pressure, temperature, and volume among gases find their equivalents in the phenomena exhibited by solutions. In Avogadro's law we learn that equal volumes of gases, under like conditions of temperature and pressure, contain equal numbers of molecules. According to the new generalizations, equal volumes of different solutions, if they exert the same osmotic pressure, also contain equal numbers of molecules. The parallelism is perfect. With these relations the freezing- and boiling-point phenomena are directly connected.
But, both for gases and for solutions some apparent anomalies existed. Certain compounds, when vaporized, seemed not to conform to Avogadro's law, and called for explanation. This proved to be simple, and was supplied by the fact that the anomalous compound, as such, did not exist as vapor, but was split up, dissociated, into other things. For instance, ammonium chloride, above a certain temperature, is decomposed into a mixture of two gases—hydrochloric acid and ammonia—which, on cooling, reunite and reproduce the original compound. Twice as much vapor as is required by theory, and specifically half as heavy, is produced by this transformation, which is only one of a large class, all well understood.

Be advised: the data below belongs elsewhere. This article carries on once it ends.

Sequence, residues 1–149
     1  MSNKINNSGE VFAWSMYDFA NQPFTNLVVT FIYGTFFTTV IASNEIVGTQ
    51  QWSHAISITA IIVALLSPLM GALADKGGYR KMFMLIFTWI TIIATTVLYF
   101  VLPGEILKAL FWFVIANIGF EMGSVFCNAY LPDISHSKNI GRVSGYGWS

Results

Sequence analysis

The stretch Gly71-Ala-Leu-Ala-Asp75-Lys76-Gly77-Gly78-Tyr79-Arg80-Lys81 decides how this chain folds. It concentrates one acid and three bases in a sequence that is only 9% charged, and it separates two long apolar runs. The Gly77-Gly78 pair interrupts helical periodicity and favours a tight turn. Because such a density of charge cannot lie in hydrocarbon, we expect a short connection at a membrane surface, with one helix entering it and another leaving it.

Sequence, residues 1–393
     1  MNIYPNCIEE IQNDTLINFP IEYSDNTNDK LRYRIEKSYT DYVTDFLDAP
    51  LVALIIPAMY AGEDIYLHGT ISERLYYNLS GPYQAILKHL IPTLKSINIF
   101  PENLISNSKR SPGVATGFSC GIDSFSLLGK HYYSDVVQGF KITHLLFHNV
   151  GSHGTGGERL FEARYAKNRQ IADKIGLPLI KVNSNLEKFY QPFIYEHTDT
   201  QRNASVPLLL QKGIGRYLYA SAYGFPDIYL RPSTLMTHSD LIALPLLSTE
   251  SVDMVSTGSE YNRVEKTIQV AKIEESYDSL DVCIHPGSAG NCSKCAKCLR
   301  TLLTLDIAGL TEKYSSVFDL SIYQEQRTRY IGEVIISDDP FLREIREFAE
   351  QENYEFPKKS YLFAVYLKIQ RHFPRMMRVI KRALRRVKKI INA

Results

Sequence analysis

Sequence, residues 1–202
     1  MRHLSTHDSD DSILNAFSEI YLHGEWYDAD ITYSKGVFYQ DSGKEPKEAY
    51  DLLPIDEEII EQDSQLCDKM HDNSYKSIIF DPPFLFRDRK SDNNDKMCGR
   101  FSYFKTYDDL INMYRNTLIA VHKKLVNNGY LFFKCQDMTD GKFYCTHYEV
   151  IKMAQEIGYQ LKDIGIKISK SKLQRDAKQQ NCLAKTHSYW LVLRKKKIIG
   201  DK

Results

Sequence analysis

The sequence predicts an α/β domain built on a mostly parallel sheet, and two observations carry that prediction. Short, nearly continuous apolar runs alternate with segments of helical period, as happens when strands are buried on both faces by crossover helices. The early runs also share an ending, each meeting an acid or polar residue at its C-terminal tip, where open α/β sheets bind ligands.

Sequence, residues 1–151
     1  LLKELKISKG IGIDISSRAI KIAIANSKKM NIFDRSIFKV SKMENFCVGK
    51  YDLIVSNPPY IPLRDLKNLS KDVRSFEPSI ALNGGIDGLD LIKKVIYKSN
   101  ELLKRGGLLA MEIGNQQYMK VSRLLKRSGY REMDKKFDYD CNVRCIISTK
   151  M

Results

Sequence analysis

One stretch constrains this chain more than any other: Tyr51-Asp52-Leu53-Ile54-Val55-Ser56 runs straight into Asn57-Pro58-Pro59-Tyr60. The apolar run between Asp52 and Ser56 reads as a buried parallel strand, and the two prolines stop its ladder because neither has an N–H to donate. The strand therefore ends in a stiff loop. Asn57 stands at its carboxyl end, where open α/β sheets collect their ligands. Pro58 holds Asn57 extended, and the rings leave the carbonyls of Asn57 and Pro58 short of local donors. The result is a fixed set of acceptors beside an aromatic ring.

In the case of solutions it was found that certain compounds, notably the acids, alkalies, and metallic salts, caused a depression of freezing point which was twice as great as ought to be expected. This fact was illuminated by the phenomena observed in gases, and soon it was seen that here too a splitting up of molecules, a true dissociation, occurred. These anomalous solutions, moreover, were electrolytes—that is, they conducted electricity and underwent electrolytic decompositions—while normal substances, especially solutions of carbon compounds, such as sugar, were not.
Van t'Hoff's discoveries went far, but one more step was needed, and this was taken by Arrhenius in 1888. Electrolytic compounds, when dissolved, are actually dissociated into their ions, partially so in a strong solution, entirely so in one which is infinitely dilute, a statement which leads to some extraordinary conclusions. For instance, the ions of common salt are sodium and chlorine. In a dilute solution the salt itself ceases to exist, while atoms of sodium and atoms of chlorine wander about, chemically separated from each other but still in equilibrium. Sodium sulphate may be regarded as made up of two parts—sodium and an acid radicle which contains one atom of sulphur to four of oxygen—and these parts, its ions, are severed apart during solution to move about independent of each other.
This theory of Arrhenius, the theory of electrolytic dissociation, is supported by many facts, and fits in well with the kinetic theory